Because season one of Career Crashers is over, we thought it’d be fun to highlight some of the content our team’s consuming right now.
And since everyone on the internet knows great leaders read two thousand books every morning, we decided we’d try to show how hip we are by highlighting the best ones.
I asked the team what they’re reading, listening to, thinking about, or learning outside of work this week. Here’s what they said.
Reading the new book Unschooled by Kerry McDonald. It’s got lots of great stuff on the plethora of educational processes emerging as more people tailor education to their kids.
Read this great Tweet storm summary article on making a moat around your career, got me thinking about the value of deep skill vs. generalized ability, as I’m very much a generalist who’s not great at very many things!
Also the A16Z report on the podcasting industry. Now I’m thinking about the future and how audio content can escape its silo and be more shareable and searchable.
I’ve been following all of The Athletic’s coverage of the Warriors playoff run. It’s been incredible to dive deep into this team as they go for their fourth title in five years. Lots of great examples and inspiration from their resiliency, persistence, leadership, and team building.
I’m obsessed lately with diving deep into copywriting, storytelling, and ads to answer the question of, “What makes people respond to content?”
Where I’ve started:
- Subscribed to a dozen or so newsletters from copywriters and writers with a decent following
- Looked at how they approach their topic–what subject lines, ledes, types of writing (was it straight prose, a story, a question?)
- Asked, “What devices do they use to get attention? (Graphics, images, video, word pictures, etc.)
- Looked into how they’re structuring their content (sentence length, sentence structure. Did they follow rules? What’s their content length?)
- Asked, “How do they present their offers? Where do they put their calls-to-action? What kinds of asks do they make?”
Some of the things I’ve been reading:
- The Boron Letters by Gary Halbert
- Scientific Advertising by Claude Hopkins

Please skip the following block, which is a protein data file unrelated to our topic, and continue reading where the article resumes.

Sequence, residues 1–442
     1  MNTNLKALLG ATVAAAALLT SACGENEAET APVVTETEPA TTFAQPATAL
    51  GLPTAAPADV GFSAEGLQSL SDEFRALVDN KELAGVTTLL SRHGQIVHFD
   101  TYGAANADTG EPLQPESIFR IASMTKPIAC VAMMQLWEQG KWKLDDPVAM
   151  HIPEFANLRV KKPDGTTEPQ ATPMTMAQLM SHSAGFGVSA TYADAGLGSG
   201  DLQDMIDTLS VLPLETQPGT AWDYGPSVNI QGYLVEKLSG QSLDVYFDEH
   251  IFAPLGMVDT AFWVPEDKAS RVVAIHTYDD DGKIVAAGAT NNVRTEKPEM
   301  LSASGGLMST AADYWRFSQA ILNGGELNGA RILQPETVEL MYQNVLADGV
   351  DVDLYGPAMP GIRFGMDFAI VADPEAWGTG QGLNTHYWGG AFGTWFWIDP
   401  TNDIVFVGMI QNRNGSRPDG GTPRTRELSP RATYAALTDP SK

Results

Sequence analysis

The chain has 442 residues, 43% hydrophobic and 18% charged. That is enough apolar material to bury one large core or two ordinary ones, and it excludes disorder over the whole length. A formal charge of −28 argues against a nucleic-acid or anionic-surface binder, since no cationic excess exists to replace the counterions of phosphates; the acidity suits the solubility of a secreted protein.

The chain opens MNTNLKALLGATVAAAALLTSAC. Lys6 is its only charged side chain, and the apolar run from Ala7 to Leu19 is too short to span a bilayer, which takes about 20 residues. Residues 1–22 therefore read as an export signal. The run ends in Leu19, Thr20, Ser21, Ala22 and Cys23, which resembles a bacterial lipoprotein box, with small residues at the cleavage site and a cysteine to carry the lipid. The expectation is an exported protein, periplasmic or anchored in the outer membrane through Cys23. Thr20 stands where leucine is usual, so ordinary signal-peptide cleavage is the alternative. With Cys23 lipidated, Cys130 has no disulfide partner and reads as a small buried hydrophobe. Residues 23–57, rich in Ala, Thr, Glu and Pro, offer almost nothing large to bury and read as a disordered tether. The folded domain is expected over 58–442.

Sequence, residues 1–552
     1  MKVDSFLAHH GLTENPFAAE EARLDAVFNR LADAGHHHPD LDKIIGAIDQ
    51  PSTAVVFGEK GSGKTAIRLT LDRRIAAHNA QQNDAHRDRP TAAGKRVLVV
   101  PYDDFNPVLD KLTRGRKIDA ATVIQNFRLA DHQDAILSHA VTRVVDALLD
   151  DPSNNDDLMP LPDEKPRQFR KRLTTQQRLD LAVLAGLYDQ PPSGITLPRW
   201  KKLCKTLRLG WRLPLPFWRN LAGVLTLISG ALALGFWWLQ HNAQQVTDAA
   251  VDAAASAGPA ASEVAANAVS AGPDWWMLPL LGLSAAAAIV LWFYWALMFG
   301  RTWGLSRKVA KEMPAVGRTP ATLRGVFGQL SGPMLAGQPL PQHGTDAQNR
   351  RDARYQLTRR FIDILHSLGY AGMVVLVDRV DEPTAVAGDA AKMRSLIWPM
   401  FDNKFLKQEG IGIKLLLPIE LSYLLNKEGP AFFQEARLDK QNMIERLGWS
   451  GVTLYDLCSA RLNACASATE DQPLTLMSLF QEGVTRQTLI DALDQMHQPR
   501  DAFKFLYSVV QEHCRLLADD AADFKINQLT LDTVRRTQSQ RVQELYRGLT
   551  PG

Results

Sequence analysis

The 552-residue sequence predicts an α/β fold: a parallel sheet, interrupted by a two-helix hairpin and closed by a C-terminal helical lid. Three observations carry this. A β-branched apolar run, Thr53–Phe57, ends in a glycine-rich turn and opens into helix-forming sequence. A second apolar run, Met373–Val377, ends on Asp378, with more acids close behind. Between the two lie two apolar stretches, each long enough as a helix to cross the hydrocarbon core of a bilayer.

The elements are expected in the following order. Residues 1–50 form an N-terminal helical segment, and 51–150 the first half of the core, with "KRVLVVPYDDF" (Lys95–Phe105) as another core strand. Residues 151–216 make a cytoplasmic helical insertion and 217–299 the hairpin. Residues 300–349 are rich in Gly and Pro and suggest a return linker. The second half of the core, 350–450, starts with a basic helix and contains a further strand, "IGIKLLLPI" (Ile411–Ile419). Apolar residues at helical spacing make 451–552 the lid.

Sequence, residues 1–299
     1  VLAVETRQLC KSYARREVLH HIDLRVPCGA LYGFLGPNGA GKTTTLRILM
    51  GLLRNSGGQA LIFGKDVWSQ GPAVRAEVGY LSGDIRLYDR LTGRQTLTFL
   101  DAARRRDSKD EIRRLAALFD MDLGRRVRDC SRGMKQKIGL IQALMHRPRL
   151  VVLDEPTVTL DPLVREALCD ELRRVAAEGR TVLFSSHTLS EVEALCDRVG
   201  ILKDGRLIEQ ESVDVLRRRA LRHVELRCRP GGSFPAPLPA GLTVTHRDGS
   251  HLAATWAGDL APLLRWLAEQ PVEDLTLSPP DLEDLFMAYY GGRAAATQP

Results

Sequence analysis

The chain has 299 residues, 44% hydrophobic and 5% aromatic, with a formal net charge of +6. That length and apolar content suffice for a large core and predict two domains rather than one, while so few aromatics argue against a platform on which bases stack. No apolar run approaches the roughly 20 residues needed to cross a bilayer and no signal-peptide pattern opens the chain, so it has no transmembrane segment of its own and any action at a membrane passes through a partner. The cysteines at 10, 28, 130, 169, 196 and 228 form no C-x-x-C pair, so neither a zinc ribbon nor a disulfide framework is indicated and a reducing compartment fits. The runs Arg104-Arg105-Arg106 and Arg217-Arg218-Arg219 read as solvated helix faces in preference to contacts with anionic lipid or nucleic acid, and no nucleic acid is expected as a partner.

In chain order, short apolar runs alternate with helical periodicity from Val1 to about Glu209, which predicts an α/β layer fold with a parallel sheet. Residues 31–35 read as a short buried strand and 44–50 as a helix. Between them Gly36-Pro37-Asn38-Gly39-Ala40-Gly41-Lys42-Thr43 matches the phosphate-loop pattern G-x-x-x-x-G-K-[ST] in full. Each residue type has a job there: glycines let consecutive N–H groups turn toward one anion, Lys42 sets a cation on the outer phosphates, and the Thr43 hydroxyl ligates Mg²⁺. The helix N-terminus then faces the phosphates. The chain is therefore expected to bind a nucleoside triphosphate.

- This Won’t Scale from Drift, and their content
- Several publications on Medium–mainly The Startup and The Mission
Newsletters I’ve been enjoying/studying/recently subscribed to:
- Noah Goldman
- David Cancel
- David Perrell
- Patrick Thomas
- Kaleigh Moore
- Jono Hey (sketchplantation)
- Tom Fishburne (Marketoonist)
- Pocket’s daily newsletter
- And more…
I’m also taking a mental log of brands and ads in everyday life–on the street, on social, online–to see what catches my attention, what works, and why?
I’ve been paddling through George Dyson’s works. I’m fascinated with him because he has two very particular interests that have significant overlap with my own: building kayaks and the history of technology and AI. I just finished building my own kayak, and I actually bought the material for the skin from George Dyson!
Some things I’m consuming right now:
- The Starship and the Canoe is a dual biography of George and his father Freeman, theoretical physicist. I’m 90% of the way through it.
- Baidarka is Dyson’s collection of Aleut-style kayaks and his journey recreating them
- Turing’s Cathedral is Dyson’s account of the origins of our digital universe
- Darwin Among the Machines is Dyson’s work on the evolution of machines and artificial intelligence
- Dyson’s contribution to Possible Minds is one of the best essays in the collection
- Dyson’s talk at the Long Now Foundation on why things appear to be speeding up covers a lot of his two other books
- For fun, here is Dyson’s episode on Cool Tools
Listening to Shoe Dog and The Hard Thing About Hard Things. Shoe Dog is an interesting window into building a company at a different point in history. Some aspects were enormously more difficult, but other aspects seem much easier. The contrast helps put perspective on the challenges we’re facing today. Just started Hard Things, so not much to say just yet!
I’ve been reading all of the #EmberJS2019 blog posts (also slowly aggregated here) to see where people want to see Ember go in the next year. This will inform my decisions for opensource work, to help move some of those ideas forward.
I’m learning a lot from Dave Gerhardt and David Cancel at Drift about using “their words” in marketing copy. So I started my own “Their Words” spreadsheet to learn how to frame our marketing copy in words our users use.
I also just recently learned how to play a few notes on the mandolin (because I’m obsessed with this song).
I hope this encourages you to go out and learn or read or listen to something new! If you’ve got any questions for us, don’t hesitate to reach out!